Differences in societal environments strongly affect the way in which a multinational corporation (MNC) conducts its marketing, financial, manufacturing, and other functional activities Before planning its strategy for a particular international location, a company must scan the particular country environments in question for opportunities and threats, and compare these with its own strengths and weaknesses

International Societal Environments

Scanning the Task Environment

Analysis of the relevant elements of the task environment Individual reports written by people in various parts of the firm These reports are then summarized and transmitted up to corporate hierarchy for top management to use in strategic decision making

Scanning the External Environment
Analysis of Societal Environment Economic, Sociocultural, Technological, Political-Legal Factors Market Analysis Community Analysis Competitor Analysis Supplier Analysis Interest Group Analysis Selection of Strategic Factors • Opportunities • Threats Governmental Analysis

Strategic Issues and Strategic Factors
S te icIs u s tra g s e

Trends likely to affect future environment

S te icF c rs tra g a to

Those strategic issues with high probability of occurrence and high probable impact on corporation

Issues Priority Matrix

Identify a number of likely trends emerging in the societal and task environments, determining what the industry or the world will look like in the near future Assess the probability of these trends actually occurring from low to high Attempt to ascertain the likely impact (from high to low) of each of these trends on the corporation being examined

Issues Priority Matrix
Probable Impact on Corporation High Medium Low

Probability of Occurrence

Medium

High

High Priority

High Priority

Medium Priority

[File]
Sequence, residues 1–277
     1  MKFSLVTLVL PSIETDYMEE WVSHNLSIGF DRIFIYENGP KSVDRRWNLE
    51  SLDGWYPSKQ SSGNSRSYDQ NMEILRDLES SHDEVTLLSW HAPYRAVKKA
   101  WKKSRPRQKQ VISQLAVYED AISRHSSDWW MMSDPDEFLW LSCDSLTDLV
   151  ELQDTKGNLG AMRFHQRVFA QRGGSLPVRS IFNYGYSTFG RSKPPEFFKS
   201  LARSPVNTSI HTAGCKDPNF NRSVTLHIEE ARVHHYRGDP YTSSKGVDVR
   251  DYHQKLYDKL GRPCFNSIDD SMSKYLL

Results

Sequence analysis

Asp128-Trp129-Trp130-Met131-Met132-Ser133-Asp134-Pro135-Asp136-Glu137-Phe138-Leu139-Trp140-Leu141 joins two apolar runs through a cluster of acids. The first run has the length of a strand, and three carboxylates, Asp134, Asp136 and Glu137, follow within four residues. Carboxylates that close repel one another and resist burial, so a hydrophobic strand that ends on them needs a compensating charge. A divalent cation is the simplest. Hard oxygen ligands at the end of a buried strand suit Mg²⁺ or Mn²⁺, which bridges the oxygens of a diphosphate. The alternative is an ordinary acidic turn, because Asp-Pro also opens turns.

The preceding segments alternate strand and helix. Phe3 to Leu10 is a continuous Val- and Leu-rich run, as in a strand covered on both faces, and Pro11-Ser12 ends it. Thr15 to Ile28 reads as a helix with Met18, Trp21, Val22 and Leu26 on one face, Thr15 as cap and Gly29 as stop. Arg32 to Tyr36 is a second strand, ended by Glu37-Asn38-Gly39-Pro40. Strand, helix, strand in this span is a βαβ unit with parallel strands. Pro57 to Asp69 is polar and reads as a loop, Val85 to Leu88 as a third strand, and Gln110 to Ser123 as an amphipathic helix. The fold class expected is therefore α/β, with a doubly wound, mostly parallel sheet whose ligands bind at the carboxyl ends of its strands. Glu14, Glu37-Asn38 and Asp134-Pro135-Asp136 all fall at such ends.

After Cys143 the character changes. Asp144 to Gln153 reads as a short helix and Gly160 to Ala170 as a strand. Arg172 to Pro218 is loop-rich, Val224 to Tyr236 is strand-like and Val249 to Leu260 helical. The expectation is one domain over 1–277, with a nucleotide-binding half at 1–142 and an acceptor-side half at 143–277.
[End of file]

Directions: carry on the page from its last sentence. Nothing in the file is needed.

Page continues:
High Priority

Medium Priority

Low Priority

Low

Medium Priority

Low Priority

Low Priority

Source: Adapted from L. L. Lederman, “Foresight Activities in the U.S.A.: Time for a Reassessment?” Long Range Planning (June 1984), p. 46. Copyright © 1984 by Pergamon Press, Ltd. Reprinted with permission.

Corporation’s External Strategic Factors

Are those key environmental trends that are judged to have both a medium to high probability of occurrence and a high probability of impact on the corporation Those factors are categorized as opportunities and threats and are included in strategy formulation

Industry Analysis

An industry is a group of firms producing a similar product or service An examination of the important stakeholders’ group in a particular corporation’s task environment is a part of industry analysis

Porter’s approach to Industry Analysis
 

A corporation is most concerned with the intensity of competition within its industry The level of this intensity is determined by basic competitive forces In scanning its industry, the corporation must assess the importance to its success of each of the six forces

Forces Driving Industry Competition
Potential Entrants Threat of New Entrants Relative Power of Unions, Governments, etc.

Other Stakeholders

Industry Competitors

Bargaining Power of Buyers Buyers

Suppliers Bargaining Power of Suppliers

Rivalry Among Existing Firms

Threat of Substitute Products or Services

Substitutes

Source:  Adapted/reprinted with permission of The Free Press, an imprint of Simon & Schuster, from Competitive Strategy: Techniques for Analyzing Industries and Competitors by Michael E. Porter. Copyright © 1980 by The Free Press.

Threat of New Entrants: Some Barriers to Entry
       